Giving you a reason to keep the radio on at night, or to turn us back on. Music intensive and intensively local. Interviews, live performance from the WUWM studio and on stage, special features and great conversation. Covering arts, music and spoken word.
Christopher Porterfield of Field Report stopped by WUWM@Nite to chat with Trapper Schoepp about the release of his new album, Marigolden.
Porterfield likens his songwriting craft to that of a fashion designer. “It’s not a pair of jeans that’s going to look good on everybody but you got to try it on and figure out if it does look good on you,” he says. “It’s not for the masses.”
Porterfield discussed Marigolden’s diverse sound, his newfound sobriety, and why Field Report is not a bar band.
Milwaukee-based experimental rapper Sam Ahmed a.k.a. WebsterX, may still be new to the scene, but he's already going through a rebirth. Making music for a little over a year now, the success of his 2013 debut album Desperate Youth threw him for a bit of a tailspin, and got him thinking about life and music at an even deeper level.
Looking for something to do this weekend that's free and features original local art and music? Well....then plug this address into your GPS: 2625 S. Greeley Street – that’s in Bayview – and get ready to hit the Hide House this Saturday for the 5th annual Artbeat in the Heat event. It takes place from 12pm to 10pm, rain or shine.
The founder and CEO of the event, AnnieB, stopped by the studio to speak with WUWM's Rachel Owens to explain what makes this art and music festival unique, and how it's grown since 2009.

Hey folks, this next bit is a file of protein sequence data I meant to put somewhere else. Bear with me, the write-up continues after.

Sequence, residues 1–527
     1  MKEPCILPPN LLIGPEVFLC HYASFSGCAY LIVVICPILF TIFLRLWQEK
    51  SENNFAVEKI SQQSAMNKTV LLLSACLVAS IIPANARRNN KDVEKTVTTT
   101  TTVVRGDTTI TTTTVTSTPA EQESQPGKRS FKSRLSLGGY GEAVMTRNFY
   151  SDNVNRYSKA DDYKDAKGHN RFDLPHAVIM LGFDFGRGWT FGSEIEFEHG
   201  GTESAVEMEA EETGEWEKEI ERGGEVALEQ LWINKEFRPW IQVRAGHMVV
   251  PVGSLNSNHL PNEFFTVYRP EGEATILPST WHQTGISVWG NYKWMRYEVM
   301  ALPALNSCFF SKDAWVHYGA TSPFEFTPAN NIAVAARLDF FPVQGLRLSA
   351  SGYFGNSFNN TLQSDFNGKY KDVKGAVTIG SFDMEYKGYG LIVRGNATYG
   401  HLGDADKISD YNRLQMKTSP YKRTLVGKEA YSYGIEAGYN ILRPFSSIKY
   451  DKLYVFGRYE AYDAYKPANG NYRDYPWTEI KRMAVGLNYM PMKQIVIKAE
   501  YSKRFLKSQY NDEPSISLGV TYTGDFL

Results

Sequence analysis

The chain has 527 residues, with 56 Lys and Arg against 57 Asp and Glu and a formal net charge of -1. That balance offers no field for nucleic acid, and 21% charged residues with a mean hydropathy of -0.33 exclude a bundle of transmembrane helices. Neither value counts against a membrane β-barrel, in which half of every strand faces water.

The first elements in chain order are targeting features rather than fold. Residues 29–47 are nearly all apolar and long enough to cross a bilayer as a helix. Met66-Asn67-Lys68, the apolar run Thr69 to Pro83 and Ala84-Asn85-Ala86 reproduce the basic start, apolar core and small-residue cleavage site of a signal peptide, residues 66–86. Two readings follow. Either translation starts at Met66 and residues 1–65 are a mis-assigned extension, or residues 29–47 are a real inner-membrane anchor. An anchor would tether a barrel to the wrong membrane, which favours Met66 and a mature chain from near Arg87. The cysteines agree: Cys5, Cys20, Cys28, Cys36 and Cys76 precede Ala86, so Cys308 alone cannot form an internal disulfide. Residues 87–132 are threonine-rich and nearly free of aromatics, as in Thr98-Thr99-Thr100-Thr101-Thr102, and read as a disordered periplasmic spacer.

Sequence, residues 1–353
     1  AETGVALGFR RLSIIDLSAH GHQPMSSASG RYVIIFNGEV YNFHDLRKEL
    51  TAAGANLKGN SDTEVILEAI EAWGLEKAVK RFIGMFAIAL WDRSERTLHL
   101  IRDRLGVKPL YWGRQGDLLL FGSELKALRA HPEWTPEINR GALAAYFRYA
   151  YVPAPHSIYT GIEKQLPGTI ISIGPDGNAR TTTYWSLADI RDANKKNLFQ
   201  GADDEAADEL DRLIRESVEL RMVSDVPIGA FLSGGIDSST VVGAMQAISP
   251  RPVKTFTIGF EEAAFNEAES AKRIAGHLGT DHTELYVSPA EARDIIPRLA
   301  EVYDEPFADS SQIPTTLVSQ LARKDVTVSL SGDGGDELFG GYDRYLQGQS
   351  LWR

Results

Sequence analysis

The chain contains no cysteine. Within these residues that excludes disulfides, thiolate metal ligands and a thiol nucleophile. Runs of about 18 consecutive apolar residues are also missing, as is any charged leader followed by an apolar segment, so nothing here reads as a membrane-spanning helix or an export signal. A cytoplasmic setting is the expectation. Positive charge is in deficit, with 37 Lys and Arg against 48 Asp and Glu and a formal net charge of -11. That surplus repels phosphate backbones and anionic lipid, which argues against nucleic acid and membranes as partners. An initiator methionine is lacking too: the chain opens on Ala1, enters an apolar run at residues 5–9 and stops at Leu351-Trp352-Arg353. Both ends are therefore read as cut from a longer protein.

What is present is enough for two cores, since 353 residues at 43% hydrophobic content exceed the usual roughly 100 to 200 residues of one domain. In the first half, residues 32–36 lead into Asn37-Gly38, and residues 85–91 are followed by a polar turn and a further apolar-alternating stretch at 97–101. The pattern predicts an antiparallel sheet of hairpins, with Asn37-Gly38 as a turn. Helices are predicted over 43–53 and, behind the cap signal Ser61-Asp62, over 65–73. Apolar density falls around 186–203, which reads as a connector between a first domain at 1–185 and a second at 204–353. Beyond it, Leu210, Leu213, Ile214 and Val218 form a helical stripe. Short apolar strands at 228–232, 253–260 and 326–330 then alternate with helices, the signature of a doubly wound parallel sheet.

The zany and talented four-member boy band The Fatty Acids are about to study-up on their Wayne's World lines - as they're about to go on tour, it's a necessity. When asked what kind of reception they receive far outside of Wisconsin, they say people typically quote the classic Wayne's World "Milwaukee: The Good Land" scene with Alice Cooper. Guitarist Matt Pappas says, "If you don't know those lines, people are looking at you like, 'What?
When a birthday party turned into an impromptu recording session, Jack Tell and Jordan Maye decided to start playing banjo and mandolin together. Soon Alex Heaton joined up, and before they knew it, they were a band.
Jordan Maye says that as a joke, they tried to think up pretty much the worst band name possible: Lousy Trouts. Founded in a spirit of fun and experimentation, the name seemed to fit, so it stuck.
"I found it easy," says Myles Coyne of organizing this year's Breadfest in Riverwest. "A lot of people were cooperating and into the idea."
About 50 acts, ranging from punk to Americana, will take to 10 stages in Riverwest this weekend. Garden Park, Jackpot Gallery, Linneman's Riverwest Inn and Bremen cafe are among the venues hosting Breadfest bands.
The DIY festival, which started as an alternative to bigger productions like Summerfest, strives to be "apart of the neighborhood."